Similarly, on the CFP, the UK will be an independent coastal state, able to control access to its waters and the allocation of fishing opportunities. The UK’s proposals for fisheries are covered in other sections.
By being outside the CAP, and having a common rulebook that only applies to rules that must be checked at the border, the UK would be able to have control over new future subsidy arrangements, control over market surveillance of domestic policy arrangements, an ability to change tariffs and quotas in the future, and the freedom to apply higher animal welfare standards that would not have a bearing on the functioning of the free trade area for goods – such as welfare in transport and the treatment of live animal exports.
In acknowledging the specific situation in respect of Northern Ireland and Ireland, all North-South cooperation on agriculture flowing from the Belfast (‘Good Friday’) Agreement has been mapped in detail through the joint mapping exercise conducted in Phase 1 and will be protected in full. Northern Ireland and Ireland form a single epidemiological unit.
The UK is fully committed to ensuring that the Northern Ireland Executive and North-South Ministerial Council can, through agreement, continue to pursue specific initiatives, such as the All Ireland Animal Health and Welfare Strategy.
The seas that surround the UK are an important part of its history, economy, and way of life. The commercial fishing industry and wider seafood sector are integral to coastal communities across England, Scotland, Wales and Northern Ireland.
On leaving the EU, the UK will become an independent coastal state under the UN Convention on the Law of the Sea (UNCLOS). As a result, the UK will control access to fish in its waters, both in territorial seas and the Exclusive Economic Zone (EEZ).
While the UK will be leaving the Common Fisheries Policy (CFP), the UK is committed to working closely with the Member States and other coastal states to ensure sustainable management of shared stocks and the wider marine environment.
As a result, the UK, therefore, proposes to:
- agree on a mechanism for annual negotiations on access to waters and fishing opportunities; and
- promote sustainable fisheries to meet international commitments such as sustainable development goals.
In pursuing this agreement, the Government will continue working closely with the devolved administrations, Crown Dependencies and Overseas Territories. During international fisheries negotiations, the UK delegation will include representatives from each administration of the UK, as is the case now.
Access to markets for fish and fish products is dealt with separately. This approach is consistent with international fisheries agreements and with EU-third country precedents.
Access to waters and fishing opportunities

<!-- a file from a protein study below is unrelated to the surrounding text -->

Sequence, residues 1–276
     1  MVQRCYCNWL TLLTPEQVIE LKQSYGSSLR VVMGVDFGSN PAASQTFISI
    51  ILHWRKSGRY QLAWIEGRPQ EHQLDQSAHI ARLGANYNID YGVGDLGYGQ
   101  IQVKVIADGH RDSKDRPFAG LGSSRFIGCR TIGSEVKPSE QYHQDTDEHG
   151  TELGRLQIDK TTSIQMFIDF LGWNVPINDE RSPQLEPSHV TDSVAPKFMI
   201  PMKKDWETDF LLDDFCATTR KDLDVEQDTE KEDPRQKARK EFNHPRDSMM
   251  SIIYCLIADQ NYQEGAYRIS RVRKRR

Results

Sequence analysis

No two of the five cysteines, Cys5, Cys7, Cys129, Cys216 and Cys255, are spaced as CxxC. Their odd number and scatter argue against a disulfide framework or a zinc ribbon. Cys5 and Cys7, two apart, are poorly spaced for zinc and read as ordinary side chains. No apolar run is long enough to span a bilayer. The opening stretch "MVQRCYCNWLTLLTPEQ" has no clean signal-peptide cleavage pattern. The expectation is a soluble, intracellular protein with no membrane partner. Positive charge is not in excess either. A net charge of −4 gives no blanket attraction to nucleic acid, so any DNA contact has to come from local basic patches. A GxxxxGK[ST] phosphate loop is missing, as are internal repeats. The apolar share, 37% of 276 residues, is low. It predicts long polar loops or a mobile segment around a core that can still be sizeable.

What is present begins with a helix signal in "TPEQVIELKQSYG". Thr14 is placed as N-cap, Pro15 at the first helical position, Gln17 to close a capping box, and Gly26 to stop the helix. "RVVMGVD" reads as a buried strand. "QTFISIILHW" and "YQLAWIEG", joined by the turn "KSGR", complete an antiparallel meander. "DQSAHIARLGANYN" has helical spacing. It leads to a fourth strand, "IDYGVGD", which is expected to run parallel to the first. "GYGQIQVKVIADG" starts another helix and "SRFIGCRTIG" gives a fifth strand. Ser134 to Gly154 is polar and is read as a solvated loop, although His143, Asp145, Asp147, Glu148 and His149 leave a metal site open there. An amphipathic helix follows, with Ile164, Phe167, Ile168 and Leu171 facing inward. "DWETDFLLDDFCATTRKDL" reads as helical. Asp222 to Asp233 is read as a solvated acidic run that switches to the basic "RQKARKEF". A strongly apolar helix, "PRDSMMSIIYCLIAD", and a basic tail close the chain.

At present, under the CFP’s principle of ‘Relative Stability’, the UK receives a fixed share of fishing opportunities based on historical fishing patterns in 1973-1978. On average, between 2012 and 2016, UK vessels landed approximately 90,000 tonnes103 of fish each year caught in other Member States’ waters, and other Member States’ vessels caught in the region of 760,000 tonnes104 of fish each year in UK waters.
As an independent coastal state, the UK will have control over access to its waters from the end of the implementation period. Any decisions about giving access to UK waters for vessels from the EU or any other coastal states will be a matter for negotiation.
The UK, the EU, and coastal states should agree to annual negotiations on access rights and fishing opportunities for UK, EU and coastal state fleets. This could include multi-annual agreements for appropriate stocks.
The UK will seek to move from relative stability towards a more scientific method for informing future Total Allowable Catch (TAC) shares. Further, non-UK registered vessels granted access to fish in UK waters would also need to meet the same requirements as UK fleets across all UK fishing zones, including adherence to sustainable practices.
The UK has long championed sustainable fishing and marine conservation and will continue to apply the maximum sustainable yield (MSY) principle. Further to our commitments under United Nations Sustainable Development Goal, the UK will continue to work with European partners to regulate fishing and to set harvest rates that restore and maintain fish stocks. The UK remains fully committed to ending the wasteful discarding of fish.
After the UK leaves the EU, the Government will publish an annual assessment on the state of stocks of interest and our approach to setting fishing opportunities for the year ahead. If particular stocks are becoming depleted, the Government will work with all interested parties to draw up and implement recovery plans.
The Government will work closely with the devolved administrations, Crown Dependencies and Overseas Territories who are responsible for conservation measures for stocks concentrated in their territorial waters.
This Article draws on the White Paper The Future Relationship between the United Kingdom and the European Union Presented to Parliament by the Prime Minister July 2018 Cm 9593. UK public sector information is reproduced pursuant to the Open Government Licence The Legal Materials contain UK public sector information licensed under the Open Government Licence v3.0. The Licence is available at http://www.nationalarchives.gov.uk/doc/open-government-licence/version/3/ (the UK Licence).